Miami (May 10, 2022) - The Inter American Press Association (IAPA) condemned the outrageous killing of 11 journalists this year in Mexico, which has among its most recent victims two women journalists from Veracruz. The organization reiterated its public call to the international community to demand that the Mexican government "pay immediate attention to this serious and exasperating situation that has plunged Mexican and Latin American journalism into mourning."
According to witnesses, Yessenia Mollinedo Falconi, director of the portal El Veraz, and Sheila Johana García Olivera, camerawoman of the media, were shot yesterday in the parking lot of a convenience store in the Cerro Alto neighborhood of Veracruz. According to local media, both died at a local hospital.
Canahuati, IAPA president and CEO of Grupo Opsa, of Honduras, said, "The killing of journalists in Mexico is outrageous and exceeds the capacity to understand what can be done to guarantee that journalists can do their work without being victims of violence." He considered it "essential" that the international community "pay immediate attention to this serious and exasperating situation that has plunged Mexican and Latin American journalism into mourning."
Carlos Jornet, chairman of the IAPA's Committee on Freedom of the Press and Information, said, "Although the precise motives for these crimes and another that occurred a few days ago in Sinaloa are unknown, the authorities must take more seriously the killing of journalists, which has repercussions throughout the world."
"We call on the police to exhaust all lines of investigation and on the justice system to punish these crimes severely," said Jornet, editor of the Argentine newspaper La Voz del Interior, "since this is the only way to stop so much violence."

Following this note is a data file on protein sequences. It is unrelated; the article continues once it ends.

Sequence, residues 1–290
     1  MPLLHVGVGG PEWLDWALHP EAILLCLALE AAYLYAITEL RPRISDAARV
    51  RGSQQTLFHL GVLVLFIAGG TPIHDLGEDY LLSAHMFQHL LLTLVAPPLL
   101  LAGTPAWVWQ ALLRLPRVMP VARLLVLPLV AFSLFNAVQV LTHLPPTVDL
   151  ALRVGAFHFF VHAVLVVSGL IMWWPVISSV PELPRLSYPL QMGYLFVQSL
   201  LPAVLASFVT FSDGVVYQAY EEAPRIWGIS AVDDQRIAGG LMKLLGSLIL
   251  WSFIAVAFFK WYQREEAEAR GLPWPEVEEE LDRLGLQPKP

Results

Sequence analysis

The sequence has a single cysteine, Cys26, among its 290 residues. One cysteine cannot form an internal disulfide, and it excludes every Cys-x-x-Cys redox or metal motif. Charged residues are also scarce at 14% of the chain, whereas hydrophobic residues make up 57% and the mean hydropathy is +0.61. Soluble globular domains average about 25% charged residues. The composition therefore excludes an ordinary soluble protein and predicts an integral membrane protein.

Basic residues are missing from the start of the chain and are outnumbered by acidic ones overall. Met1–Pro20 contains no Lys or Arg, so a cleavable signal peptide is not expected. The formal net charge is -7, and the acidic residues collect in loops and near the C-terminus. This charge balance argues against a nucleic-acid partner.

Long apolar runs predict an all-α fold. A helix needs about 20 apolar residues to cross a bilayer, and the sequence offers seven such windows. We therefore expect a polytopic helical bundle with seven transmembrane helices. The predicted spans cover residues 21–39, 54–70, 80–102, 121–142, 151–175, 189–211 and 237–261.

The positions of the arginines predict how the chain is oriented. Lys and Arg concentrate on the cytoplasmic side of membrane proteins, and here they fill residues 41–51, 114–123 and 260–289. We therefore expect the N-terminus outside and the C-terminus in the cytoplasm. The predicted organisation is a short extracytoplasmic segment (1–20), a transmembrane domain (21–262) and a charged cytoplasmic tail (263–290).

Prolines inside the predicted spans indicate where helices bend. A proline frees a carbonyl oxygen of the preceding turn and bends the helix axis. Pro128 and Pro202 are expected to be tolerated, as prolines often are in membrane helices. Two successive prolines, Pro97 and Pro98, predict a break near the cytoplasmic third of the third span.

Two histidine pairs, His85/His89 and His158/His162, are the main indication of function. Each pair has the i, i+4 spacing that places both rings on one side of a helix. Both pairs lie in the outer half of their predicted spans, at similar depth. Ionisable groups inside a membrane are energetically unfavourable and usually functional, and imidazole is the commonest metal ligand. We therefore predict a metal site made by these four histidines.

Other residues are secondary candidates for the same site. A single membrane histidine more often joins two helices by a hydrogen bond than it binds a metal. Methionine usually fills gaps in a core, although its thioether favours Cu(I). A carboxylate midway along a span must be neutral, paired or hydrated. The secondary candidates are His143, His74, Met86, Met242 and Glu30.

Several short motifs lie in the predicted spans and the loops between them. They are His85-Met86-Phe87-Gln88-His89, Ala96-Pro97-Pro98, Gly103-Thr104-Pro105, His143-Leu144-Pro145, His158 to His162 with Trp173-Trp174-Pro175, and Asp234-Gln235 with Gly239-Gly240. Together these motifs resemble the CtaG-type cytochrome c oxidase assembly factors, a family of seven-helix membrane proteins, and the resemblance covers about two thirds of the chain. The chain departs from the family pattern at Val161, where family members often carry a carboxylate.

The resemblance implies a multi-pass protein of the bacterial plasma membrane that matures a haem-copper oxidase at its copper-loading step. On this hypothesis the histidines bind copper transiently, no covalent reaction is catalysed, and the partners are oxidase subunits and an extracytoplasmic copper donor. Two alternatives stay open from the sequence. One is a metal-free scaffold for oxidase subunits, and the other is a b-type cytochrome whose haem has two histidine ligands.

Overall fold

An IAPA international delegation, headed by Canahuati, will travel May 24-26 to Washington, DC, to address, among other issues, violence against Mexican journalists. The IAPA delegation plans meetings with U.S. officials and legislators and a meeting with the secretary-general of the Organization of American States, Luis Almagro.
The cases of Yessenia Mollinedo Falconi and Sheila Johana García Olivera join those of other murders this year in Mexico: Luis Enrique Ramirez, in Culiacan, Sinaloa; Lourdes Maldonado and Margarito Martinez, in Tijuana, Baja California; Heber Lopez Cruz, in Salina Cruz, Oaxaca; Juan Carlos Muniz, in Fresnillo, Zacatecas; Jorge Camero Zazueta, in Empalme, Sonora; Roberto Toledo, in Zitacuaro, Michoacan; Jose Luis Gamboa, in Veracruz, Veracruz; and Armando Linares, in Zitacuaro, Michoacan.
The report on Mexico presented in April at the biannual meeting of the IAPA stated: "The main non-governmental organizations in the world agree on the high level of danger for journalists in the country." In resolutions emanating from the same meeting on impunity and murders, aggressions against journalists, and protection mechanisms, Mexico's federal and state governments are asked to take different actions to prevent violence and protect journalists.
The IAPA barometer that measures the performance of institutions in matters of freedom of expression and press, the Chapultepec Index, places Mexico in 16th place out of 22 countries evaluated. The study states, "Violence against journalists exacerbated, this led the perception that there is an unfavorable climate for the exercise of freedom of expression in the country."
IAPA is a non-profit organization dedicated to defending and promoting freedom of the press and expression in the Americas. It comprises more than 1,300 publications from the western hemisphere; and is based in Miami, Florida, United States.